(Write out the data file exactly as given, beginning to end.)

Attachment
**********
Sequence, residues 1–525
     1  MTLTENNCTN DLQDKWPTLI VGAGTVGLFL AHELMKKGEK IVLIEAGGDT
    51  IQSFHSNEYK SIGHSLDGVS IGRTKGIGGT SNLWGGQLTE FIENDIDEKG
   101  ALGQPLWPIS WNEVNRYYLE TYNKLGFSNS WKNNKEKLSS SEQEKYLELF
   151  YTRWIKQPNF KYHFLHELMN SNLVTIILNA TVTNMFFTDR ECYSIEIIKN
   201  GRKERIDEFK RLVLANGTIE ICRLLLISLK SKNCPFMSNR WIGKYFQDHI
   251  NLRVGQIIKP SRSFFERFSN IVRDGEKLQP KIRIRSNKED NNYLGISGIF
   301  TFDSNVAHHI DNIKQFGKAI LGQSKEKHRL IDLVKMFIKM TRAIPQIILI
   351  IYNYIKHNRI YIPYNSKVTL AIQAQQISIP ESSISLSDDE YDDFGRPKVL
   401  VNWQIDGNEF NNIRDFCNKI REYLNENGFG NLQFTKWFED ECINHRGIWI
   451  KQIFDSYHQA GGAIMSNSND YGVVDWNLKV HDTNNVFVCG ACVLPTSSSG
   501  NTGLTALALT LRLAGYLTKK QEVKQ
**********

Sequence, residues 1–525
     1  MTLTENNCTN DLQDKWPTLI VGAGTVGLFL AHELMKKGEK IVLIEAGGDT
    51  IQSFHSNEYK SIGHSLDGVS IGRTKGIGGT SNLWGGQLTE FIENDIDEKG
   101  ALGQPLWPIS WNEVNRYYLE TYNKLGFSNS WKNNKEKLSS SEQEKYLELF
   151  YTRWIKQPNF KYHFLHELMN SNLVTIILNA TVTNMFFTDR ECYSIEIIKN
   201  GRKERIDEFK RLVLANGTIE ICRLLLISLK SKNCPFMSNR WIGKYFQDHI
   251  NLRVGQIIKP SRSFFERFSN IVRDGEKLQP KIRIRSNKED NNYLGISGIF
   301  TFDSNVAHHI DNIKQFGKAI LGQSKEKHRL IDLVKMFIKM TRAIPQIILI
   351  IYNYIKHNRI YIPYNSKVTL AIQAQQISIP ESSISLSDDE YDDFGRPKVL
   401  VNWQIDGNEF NNIRDFCNKI REYLNENGFG NLQFTKWFED ECINHRGIWI
   451  KQIFDSYHQA GGAIMSNSND YGVVDWNLKV HDTNNVFVCG ACVLPTSSSG
   501  NTGLTALALT LRLAGYLTKK QEVKQ